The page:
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See Inside October 2011

Putting Diabetes on Autopilot

New devices may spare patients from monitoring their blood glucose

For millions of diabetes sufferers, life is a constant battle to keep their blood sugar balanced, which typically means they have to test their glucose levels and take insulin throughout the day. A new generation of “artificial pancreas” devices may make tedious diabetes micromanagement obsolete. In healthy people, the pancreas naturally produces insulin, which converts sugars and starches into energy. People with type 1 diabetes, however, do not produce any insulin of their own, and those with type 2 produce too little. All type 1 and many type 2 diabetics have to dose themselves with insulin to keep their bodies fueled—and doing so properly requires constant monitoring of blood sugar because appropriate dosages depend on factors such as how much patients eat or exercise. Stuart Weinzimer, an endocrinologist at Yale University, has devised an artificial pancreas that combines two existing technologies: a continuous glucose monitor, which uses an under-the-skin sensor to measure blood glucose levels every few minutes, and an insulin pump, which dispenses insulin through a tube that is also implanted under the skin. The glucose sensor sends its data wirelessly to a pocket computer a little bigger than an iPhone that is loaded with software developed by Minneapolis-based Medtronic. The program scans the incoming data from the glucose monitor and directs the pump to dispense the correct amount of insulin.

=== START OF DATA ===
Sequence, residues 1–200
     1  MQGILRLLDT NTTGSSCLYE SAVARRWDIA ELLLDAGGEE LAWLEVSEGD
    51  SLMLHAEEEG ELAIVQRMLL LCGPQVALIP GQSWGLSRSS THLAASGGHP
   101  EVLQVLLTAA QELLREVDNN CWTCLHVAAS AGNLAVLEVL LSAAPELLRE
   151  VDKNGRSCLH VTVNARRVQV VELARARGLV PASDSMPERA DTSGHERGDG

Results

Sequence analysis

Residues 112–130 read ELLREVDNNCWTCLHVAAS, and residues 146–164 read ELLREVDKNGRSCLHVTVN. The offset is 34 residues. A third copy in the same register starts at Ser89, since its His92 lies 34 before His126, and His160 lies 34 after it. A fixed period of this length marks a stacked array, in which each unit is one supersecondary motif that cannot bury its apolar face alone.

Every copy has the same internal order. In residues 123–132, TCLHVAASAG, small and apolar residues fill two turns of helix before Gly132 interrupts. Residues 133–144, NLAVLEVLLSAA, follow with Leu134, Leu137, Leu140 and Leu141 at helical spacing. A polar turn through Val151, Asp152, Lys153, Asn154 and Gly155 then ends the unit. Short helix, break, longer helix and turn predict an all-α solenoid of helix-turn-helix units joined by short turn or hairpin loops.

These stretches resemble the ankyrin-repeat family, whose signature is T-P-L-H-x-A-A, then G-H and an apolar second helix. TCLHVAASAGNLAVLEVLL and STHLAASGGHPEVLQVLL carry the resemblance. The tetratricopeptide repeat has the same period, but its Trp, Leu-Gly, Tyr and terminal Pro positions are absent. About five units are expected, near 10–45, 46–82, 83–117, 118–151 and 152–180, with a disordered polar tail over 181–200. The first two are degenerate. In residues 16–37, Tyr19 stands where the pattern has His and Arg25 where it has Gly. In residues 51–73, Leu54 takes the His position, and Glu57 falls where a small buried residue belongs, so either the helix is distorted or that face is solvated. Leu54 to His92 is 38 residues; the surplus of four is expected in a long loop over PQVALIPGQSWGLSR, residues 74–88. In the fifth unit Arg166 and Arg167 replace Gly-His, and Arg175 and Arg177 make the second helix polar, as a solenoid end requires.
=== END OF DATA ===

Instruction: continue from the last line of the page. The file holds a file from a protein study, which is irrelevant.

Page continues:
At an American Diabetes Association meeting in June, Weinzimer and his colleagues reported that 86 percent of type 1 diabetics they studied who used the artificial pancreas reached target blood glucose levels at night, whereas only 54 percent of subjects who had to wake up to activate an insulin pump reached their target levels. Other, similar systems are in development at Boston University, the University of Cambridge and Stanford University.

Some technical glitches still need to be worked out. For example, the device occasionally has trouble adapting to drastic changes in glucose, such as those that occur after exercise. And it will have to go through more rounds of vetting, which could take years, including large-scale patient trials that will be required before the Food and Drug Administration can approve the device. Nevertheless, Weinzimer says that the enthusiastic responses he has gotten from his trial participants remind him why the long slog toward commercialization is worthwhile.

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